MOSCOW, February 13. /TASS/. The Islamic State terror group (IS, outlawed in Russia) militants plan to deliver explosives to Syria’s Palmyra in order to inflict maximum damage on architectural landmarks before leaving the city, the Russian Defense Ministry said in a statement on Monday.
"While the Syrian troops have been advancing towards Palmyra, Russian unmanned aerial vehicles detected an increase in the movement of terrorists’ trucks in the Palmyra area which indicates their plans to deliver explosives to the city in order to destroy as many architectural landmarks as possible before they leave the city," the statement reads.
The Russian Defense Ministry has uploaded a video on its YouTube channel proving the IS militants’ destructive activities in Palmyra. "The video shows that terrorists have already destroyed the central part of the ancient Roman amphitheater and the columns of the Tetrapylon, a building constructed in 270 AD," the Russian Defense Ministry elaborated.
Terrorists earlier destroyed the Arch of Triumph, the Lion of al-Lat statue, the temples of Baal Shamin and Bel and three best preserved funerary towers.
The Russian Defense Ministry also said that in September 2016, Russian topographers and archeologists together with experts from the defense ministry had conducted an aerial photography mission in ancient Palmyra developing 3D models of the local architectural landmarks and drawing up a detailed site plan. "All this helps understand what the ancient city was like before the recent barbarous attacks," the ministry stressed.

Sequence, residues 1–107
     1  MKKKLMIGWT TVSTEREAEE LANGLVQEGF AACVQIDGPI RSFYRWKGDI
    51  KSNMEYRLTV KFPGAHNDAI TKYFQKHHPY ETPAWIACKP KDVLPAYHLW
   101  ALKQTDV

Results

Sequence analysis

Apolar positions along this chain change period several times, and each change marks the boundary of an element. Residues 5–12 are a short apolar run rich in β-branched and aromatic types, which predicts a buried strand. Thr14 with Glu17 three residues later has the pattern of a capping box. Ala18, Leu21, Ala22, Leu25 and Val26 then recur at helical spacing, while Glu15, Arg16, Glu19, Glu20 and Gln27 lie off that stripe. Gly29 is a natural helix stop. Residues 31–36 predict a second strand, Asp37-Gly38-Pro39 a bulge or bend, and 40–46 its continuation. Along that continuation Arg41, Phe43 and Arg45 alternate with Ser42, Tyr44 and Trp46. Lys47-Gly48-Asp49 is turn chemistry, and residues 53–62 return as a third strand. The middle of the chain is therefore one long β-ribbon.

Battle of Palmyra
The Islamic State terrorists took Palmyra, located 240 kilometers from Damascus, in May 2015, but in late March 2016 the city was liberated by the Syrian troops supported by the Russian Aerospace Force. However, terrorists recaptured the city. The Syrian media reported about the destruction of the Roman amphitheater and the Tetrapylon on January 20.
The Syrian government forces have been carrying out an offensive recently in order to liberate the city once again.